Friday, July 23, 2010

Troublesome Gulch - Bergen Peak Upper Loop

A busy work day meant I didn't get out for a run until late and that I'd be running a good bit of this one on the trails of Bergen Peak in the dark.

Time: 1:56
Distance: 12.33 miles
Effort: Moderate
Body: Good
Weather: Cloudy & Cool

By the time the workday was wrapped up, errands had been run with the kids and I had a few minutes to catch up with JP, it was 7:45 p.m. Well, I'll take what I can get, so off I went.

I had on a long sleeve tech shirt, thinking it would be cool after the early evening rains we got today. By the time I'd cruised over to Lewis Ridge Road to make the descent down to the bottom of Troublesome Gulch, things had warmed up. From the water treatment plant, I followed the social trail over to the gulch and run up the gulch to Bergen Park.

After a quick stop at the rec center, I ran into Elk Meadow Open Space and over to Meadow View Trail. From here, it was the standard Bergen Peak upper loop, which is a combination of the Too Long Trail and the Bergen Peak Trail. Today, I climbed Too Long, running up by the quickly fading twilight and, a bit later, the near-full moonlight. I finally switched on the headlamp about five minutes from the intersection with the Summit Trail where the trees thicken up a bit making it difficult for the moonlight to penetrate.

I ran down the Bergen Peak Trail using the headlamp the rest of the way. While I really like running in the silence of the dark, I quickly get tired of running in the little light bubble. Makes me think about what the Pb runners will have to tolerate.

I had mountain lions much on my mind on the descent. The other night, JP and I were hanging out in our room around 10:30 p.m. when we heard the loudest screaming outside. It sounded like a woman screaming and the sound was coming from right outside our bedroom windows. At one point, we were looking out our bedroom window into the dark scanning for movement. The sound seemed to move to the east, so I ran over to our open bathroom window right as the loudest scream yet pierced the night silence - seemingly right outside that window. A chill went through my body and it literally felt like my hair was standing on end. The sound soon moved away and eventually ended.  I figured it was a mountain lion, and some subsequent online searches for sounds seems to confirm.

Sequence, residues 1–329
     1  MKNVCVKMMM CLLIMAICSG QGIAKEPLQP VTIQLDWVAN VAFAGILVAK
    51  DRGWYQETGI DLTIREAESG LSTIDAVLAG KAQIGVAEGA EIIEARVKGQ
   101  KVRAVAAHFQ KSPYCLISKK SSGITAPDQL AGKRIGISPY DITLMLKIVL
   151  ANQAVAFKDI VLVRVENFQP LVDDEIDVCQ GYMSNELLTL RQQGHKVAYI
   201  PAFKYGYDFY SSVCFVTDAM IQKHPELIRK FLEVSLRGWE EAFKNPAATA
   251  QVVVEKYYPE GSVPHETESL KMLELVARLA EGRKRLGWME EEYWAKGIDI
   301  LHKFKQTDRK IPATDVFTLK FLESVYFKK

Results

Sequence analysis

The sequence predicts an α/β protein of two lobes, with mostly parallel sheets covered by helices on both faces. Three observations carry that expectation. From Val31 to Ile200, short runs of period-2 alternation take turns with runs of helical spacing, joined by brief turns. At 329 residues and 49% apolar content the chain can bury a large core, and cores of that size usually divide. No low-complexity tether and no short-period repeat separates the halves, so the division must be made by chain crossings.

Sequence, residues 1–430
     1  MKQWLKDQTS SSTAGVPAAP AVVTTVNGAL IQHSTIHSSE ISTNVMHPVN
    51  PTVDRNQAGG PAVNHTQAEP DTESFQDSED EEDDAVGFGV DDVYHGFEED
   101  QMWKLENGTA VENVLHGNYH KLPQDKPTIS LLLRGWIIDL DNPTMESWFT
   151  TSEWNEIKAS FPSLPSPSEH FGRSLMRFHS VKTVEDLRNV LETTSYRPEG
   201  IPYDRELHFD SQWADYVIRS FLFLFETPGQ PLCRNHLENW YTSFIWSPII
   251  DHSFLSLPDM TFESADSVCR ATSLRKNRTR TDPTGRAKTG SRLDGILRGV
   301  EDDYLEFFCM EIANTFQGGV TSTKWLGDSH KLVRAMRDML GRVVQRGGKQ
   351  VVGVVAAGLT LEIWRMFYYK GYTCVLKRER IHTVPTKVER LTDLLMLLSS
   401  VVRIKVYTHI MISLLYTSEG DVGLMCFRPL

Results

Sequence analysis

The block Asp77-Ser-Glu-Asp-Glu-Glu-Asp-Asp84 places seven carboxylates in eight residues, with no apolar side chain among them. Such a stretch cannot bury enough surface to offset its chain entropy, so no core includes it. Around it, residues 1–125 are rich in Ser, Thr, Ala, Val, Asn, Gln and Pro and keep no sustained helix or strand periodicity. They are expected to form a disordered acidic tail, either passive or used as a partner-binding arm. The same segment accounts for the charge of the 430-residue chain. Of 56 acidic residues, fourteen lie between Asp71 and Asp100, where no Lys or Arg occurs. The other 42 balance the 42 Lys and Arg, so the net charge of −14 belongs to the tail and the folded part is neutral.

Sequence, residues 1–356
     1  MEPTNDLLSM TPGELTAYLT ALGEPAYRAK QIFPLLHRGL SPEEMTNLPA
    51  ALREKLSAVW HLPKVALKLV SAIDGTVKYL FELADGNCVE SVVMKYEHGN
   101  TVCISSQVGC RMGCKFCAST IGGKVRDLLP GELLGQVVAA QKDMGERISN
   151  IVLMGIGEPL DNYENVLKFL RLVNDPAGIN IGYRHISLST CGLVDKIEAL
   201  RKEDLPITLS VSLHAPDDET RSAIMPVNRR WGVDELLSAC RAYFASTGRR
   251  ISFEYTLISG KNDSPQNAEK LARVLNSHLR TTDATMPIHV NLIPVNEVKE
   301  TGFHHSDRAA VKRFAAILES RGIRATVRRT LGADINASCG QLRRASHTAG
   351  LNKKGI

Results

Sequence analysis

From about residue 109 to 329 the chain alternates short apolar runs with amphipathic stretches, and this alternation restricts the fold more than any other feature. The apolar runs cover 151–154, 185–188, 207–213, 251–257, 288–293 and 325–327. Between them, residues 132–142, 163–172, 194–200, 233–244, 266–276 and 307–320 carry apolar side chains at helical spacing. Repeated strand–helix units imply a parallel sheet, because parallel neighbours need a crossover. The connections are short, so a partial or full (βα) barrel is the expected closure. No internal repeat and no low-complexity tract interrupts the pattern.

Click and listen:

So, on the way down I was thinking about those sounds just as I came around a dark bend. The headlamp caught a funny-shaped bush and, well, it scared the crap out of me. I had a sharp intake of breath, got the same chill and the feeling like my hair was standing on end. Never knew shrubbery could be so scary.

The good news...I didn't break stride, but I did spend a couple of minutes laughing at myself.

Made it back home via Meadow View and neighborhood access and sound.

Elevation gain: 2,075 feet.


  1. I have the shrubbery experience on pretty much every run, and even before dark I can get a little creeped out, when I'm the last one down. And on certain trails, there are rocks and stumps that I notice every single run like that.

    I'd rather never see a lion, but at least I've only seen one: in Bear Canyon in Boulder. I think it was because of the rushing water nearby, it didn't hear my footsteps, and I caught it slinking behind a rock. I silently backtracked out of sight before it could know what I was doing, and picked up some other runners before I continued back down. The next day I bought bear spray.

    I'm guessing you're the guy I saw on Garmin Connect clocking 9:00 miles up Bergen Pk. A totally different class, man :) I think my best is around 13:00. Well, we do what we can do.

  2. That Bear Canyon experience sounds sublime...something you'll never forget. I saw a mountain lion laying on a Forest Service road along the north rim of the Grand Canyon...but I was driving! Not the same.

    I had to check Garmin Connect. I did have an average pace of 8:49 on my last Bergen Peak roundtrip...but remember that includes the descent!

    Watch out for mean-looking shrubs.